The Reality of Peyton Manning's Legacy in the Wake of Super Bowl XLIV

Ryan MichaelSenior Writer IIIFebruary 8, 2010

Has Peyton Manning reverted back to the "choke-artist" he was once labeled to be?

Or has Peyton Manning simply fallen from the discussion of "greatest ever" back into the realm of simply being "great" but not great enough?

Much will be talked about in the wake of Super Bowl XLIV, but when it comes to discussing Peyton Manning, the most likely topic of conversation is bound to revolve around his infamous "pick-six".

The situation was perfect; almost too perfect.

With just over five minutes left in the game, Peyton Manning had the opportunity to lead yet ANOTHER fourth-quarter comeback and force the Super Bowl's first ever overtime showdown.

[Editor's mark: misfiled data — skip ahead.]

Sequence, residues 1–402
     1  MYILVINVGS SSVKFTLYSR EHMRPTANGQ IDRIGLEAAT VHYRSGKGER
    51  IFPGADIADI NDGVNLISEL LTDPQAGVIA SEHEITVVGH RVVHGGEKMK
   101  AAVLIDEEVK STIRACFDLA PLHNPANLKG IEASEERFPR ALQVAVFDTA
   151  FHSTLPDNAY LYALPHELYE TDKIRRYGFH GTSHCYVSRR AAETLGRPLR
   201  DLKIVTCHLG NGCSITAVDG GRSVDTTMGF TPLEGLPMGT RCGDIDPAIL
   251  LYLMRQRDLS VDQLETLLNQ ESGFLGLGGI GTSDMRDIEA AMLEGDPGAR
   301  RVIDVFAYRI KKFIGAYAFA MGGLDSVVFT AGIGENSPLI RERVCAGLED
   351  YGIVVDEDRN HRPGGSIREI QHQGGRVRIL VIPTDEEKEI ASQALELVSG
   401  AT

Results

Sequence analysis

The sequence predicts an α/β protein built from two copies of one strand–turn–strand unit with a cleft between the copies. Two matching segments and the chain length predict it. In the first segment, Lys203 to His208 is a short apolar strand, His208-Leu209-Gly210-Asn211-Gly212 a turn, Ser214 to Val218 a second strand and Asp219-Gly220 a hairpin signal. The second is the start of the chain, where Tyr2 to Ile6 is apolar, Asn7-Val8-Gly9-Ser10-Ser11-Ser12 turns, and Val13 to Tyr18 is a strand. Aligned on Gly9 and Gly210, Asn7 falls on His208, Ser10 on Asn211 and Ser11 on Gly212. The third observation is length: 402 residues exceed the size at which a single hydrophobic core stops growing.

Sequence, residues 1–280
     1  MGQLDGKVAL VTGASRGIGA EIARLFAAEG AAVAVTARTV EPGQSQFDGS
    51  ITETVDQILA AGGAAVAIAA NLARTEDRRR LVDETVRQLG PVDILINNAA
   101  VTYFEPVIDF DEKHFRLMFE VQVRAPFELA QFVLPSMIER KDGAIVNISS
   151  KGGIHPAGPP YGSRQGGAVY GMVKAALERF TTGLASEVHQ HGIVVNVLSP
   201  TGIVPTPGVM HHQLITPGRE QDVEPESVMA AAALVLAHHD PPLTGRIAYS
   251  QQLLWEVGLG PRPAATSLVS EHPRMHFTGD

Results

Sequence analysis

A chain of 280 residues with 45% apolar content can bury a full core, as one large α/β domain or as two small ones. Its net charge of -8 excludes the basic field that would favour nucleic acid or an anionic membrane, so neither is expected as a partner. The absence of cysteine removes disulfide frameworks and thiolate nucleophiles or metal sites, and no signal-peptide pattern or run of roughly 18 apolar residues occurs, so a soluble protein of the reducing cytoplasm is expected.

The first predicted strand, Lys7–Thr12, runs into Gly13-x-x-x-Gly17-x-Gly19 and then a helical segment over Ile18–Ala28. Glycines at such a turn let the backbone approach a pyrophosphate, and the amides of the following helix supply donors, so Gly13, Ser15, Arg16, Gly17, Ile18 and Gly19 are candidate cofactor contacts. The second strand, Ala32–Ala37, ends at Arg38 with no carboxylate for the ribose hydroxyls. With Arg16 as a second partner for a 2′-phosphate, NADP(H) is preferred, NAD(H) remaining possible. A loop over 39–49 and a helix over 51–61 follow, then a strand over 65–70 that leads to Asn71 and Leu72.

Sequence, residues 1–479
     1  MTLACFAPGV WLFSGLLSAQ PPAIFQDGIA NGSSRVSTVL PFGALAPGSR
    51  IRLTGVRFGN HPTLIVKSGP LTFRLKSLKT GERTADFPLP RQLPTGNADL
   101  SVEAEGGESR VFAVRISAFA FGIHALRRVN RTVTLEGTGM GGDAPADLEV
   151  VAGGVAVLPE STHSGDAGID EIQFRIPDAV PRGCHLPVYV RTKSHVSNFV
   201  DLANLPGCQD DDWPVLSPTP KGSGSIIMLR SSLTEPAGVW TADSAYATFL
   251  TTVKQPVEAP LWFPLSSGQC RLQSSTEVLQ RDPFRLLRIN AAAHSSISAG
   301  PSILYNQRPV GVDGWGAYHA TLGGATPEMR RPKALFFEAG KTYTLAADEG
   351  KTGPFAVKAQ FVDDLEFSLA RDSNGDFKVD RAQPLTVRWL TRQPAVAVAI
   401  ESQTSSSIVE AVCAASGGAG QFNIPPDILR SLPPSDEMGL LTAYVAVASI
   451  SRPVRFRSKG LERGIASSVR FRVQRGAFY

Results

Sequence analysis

The hopes and dream of Manning and his Colts faded away when Tracy Porter stepped into the pass intended for Reggie Wayne and brought it back for a 74-yard touchdown.

Manning had the opportunity to "get the job done", but the culmination of his efforts resulted in euphoric satisfaction for the city of New Orleans; not Indianapolis.

The prodigal son, the native New Orleanian finally helped lead his hometown Saints to their first ever world championship; only he was wearing the opposing uniform.

You've got to tip your hat to the Saints.

They played an amazing football game that was anchored by some fantastic coaching.

An attempted fourth-down conversion, a successful onside kick, and a successful two-point conversional challenge were all led by the man they call Payton.

Only when we're talking about New Orleans, we're not talking about their most decorated native athlete.

We're talking about the head coach who came to the city nobody wanted to work for and transformed their S"aints" into an offensive-powerhouse.

Four years later, he helped transform them into champions.